Automation-Several Big Horn Basin Fields Monitored From One Point
- John K. Walsh (Continental Oil Co.)
- Document ID
- Society of Petroleum Engineers
- Journal of Petroleum Technology
- Publication Date
- September 1964
- Document Type
- Journal Paper
- 983 - 986
- 1964. Original copyright American Institute of Mining, Metallurgical, and Petroleum Engineers, Inc. Copyright has expired.
- 4.1.5 Processing Equipment, 4.2 Pipelines, Flowlines and Risers, 4.1.9 Tanks and storage systems, 5.6.4 Drillstem/Well Testing, 4.1.2 Separation and Treating, 1.10.1 Drill string components and drilling tools (tubulars, jars, subs, stabilisers, reamers, etc)
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This paper presents a new mode of operations for monitoring and controlling five oil fields in Wyoming- the largest fully automated telemetering system of this type in the history of the petroleum industry. This is an integrated automated program which monitors or controls through a telemetering system, lease automatic custody transfer (LACT) units, automatic well test units, flow/ no-flow sensors for the individual wells, and lease alarm units. The paper reviews the general field automation program and discusses the components of the telemetering system.
The five fields in Wyoming included in the field automation and telemetering system are the 92-well Frannie field and the 14-well South Elk Basin Tensleep unit, both north of Powell; the 23-well Bonanza field near Worland; the 39-well Gebo field near Thermopolis; and the 84-well Circle Ridge field west of Riverton. The five fields are within a radius of 60 miles and range from 50 to 100 miles apart. Total production of the five fields is currently 12,000 BOPD. The field automation program is divided into four systems: (1) LACT units; (2) AWT units; (3) monitoring systems for determining whether a well is producing (which in this paper are referred to as flow/no-flow systems); and (4) general lease alarm systems.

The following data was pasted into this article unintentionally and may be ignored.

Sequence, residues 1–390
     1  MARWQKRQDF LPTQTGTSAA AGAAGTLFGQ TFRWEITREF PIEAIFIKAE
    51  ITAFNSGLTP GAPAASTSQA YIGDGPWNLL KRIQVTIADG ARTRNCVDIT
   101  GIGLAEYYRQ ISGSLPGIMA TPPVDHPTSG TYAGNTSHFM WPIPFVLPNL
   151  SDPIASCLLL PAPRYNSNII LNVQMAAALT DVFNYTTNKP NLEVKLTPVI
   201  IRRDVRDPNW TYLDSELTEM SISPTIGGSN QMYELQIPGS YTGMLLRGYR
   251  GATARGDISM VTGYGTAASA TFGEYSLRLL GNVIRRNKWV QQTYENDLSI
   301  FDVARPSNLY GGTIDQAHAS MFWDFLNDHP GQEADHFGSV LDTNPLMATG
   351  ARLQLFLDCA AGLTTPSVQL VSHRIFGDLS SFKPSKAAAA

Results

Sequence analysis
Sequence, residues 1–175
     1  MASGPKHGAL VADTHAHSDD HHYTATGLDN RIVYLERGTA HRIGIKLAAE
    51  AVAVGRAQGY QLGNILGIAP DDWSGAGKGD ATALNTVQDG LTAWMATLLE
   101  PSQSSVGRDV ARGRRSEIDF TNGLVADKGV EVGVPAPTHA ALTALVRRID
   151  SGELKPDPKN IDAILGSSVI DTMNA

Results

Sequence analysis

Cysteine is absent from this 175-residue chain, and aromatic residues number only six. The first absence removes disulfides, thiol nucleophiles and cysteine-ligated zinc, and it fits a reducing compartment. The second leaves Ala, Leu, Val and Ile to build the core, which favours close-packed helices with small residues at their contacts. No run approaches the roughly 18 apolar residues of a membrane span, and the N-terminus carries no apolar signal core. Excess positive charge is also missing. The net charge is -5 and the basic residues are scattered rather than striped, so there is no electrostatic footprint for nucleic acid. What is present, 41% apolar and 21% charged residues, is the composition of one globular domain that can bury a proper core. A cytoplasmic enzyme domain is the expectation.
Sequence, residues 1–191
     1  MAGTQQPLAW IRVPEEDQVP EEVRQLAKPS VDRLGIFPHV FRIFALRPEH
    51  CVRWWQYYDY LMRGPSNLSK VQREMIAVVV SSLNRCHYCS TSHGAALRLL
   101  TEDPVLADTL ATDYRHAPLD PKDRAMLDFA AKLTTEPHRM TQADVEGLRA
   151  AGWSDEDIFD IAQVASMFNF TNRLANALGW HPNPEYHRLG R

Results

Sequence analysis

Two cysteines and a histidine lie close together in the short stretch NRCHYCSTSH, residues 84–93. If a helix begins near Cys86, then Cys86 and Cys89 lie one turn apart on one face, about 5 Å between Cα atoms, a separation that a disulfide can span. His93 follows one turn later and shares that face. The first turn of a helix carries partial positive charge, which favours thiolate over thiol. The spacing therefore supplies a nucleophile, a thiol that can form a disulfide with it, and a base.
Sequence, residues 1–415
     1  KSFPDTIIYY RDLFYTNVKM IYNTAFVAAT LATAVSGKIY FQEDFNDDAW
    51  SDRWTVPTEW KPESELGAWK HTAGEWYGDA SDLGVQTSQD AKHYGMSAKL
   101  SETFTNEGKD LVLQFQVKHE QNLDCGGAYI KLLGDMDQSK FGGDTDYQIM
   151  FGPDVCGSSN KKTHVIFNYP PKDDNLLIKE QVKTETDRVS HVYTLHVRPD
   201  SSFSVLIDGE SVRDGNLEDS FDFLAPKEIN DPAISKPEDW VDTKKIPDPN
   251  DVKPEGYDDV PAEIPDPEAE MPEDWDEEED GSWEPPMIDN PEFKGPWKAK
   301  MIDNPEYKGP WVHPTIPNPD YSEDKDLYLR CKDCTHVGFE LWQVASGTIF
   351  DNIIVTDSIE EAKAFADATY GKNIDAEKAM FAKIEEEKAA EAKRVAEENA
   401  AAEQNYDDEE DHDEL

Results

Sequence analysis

The operation of the fields is monitored and controlled by telemetering through a programmable central facility located in the district production office at Billings, Mont. The Billings district telemetering system consists of two major components- the programmable central facility, which is actually an on-line computer similar to those used in manufacturing facilities, and the remote field installation called the satellite. Both components are designed around transistorized solid-state circuitry. The two major components are linked together by a conventional telegraph- grade 0-15 cycle line. The pilot installation of automation and telemetering, including the monitoring and controlling of automatic well testing, the shipping of oil through LACT units, the reporting of individual well flow conditions and lease alarms, has been operating successfully in Gebo since June, 1962, and demonstrated the reliability of the system. The system was expanded to include the Frannie, South Elk Basin, Circle Ridge and Bonanza fields in Aug, 1963.
Field Automation Systems
The field automation program varies from field to field. Each field has individual LACT units and a general lease alarm system, but not all fields are equipped with automatic well test units or flow/no-flow sensors. Gebo, the pilot area, is equipped with all four systems. In this field, production is from the Tensleep and Embar reservoirs. Although the Gebo field is a unit, production from each reservoir is segregated and has its own treating system, LACT unit, automatic well test unit, general lease alarm system and flow/no-flow system.
The LACT unit for each reservoir consists of one positive displacement meter, BS and W monitor, sampler and recirculating pump. Each system has its own bad oil tank.
Production in this field is moved from the well through individual flow lines to headers at the battery location. The headers are eight-way electrically operated selector valves capable of handling the flow lines of seven wells. The header is designed so that production is normally routed through a common flow line to the lease treating unit, but one well at a time can be routed to its particular test treater. The system has a test treater for the Embar and one for the Tensleep production. Each test treater is equipped with PD oil and water meters. Each well is equipped with a mechanical flow/no-flow sensor located at the header. All pump units are equipped with vibration detectors for shutting down the pumping unit when a malfunction of the unit or down-hole equipment occurs.
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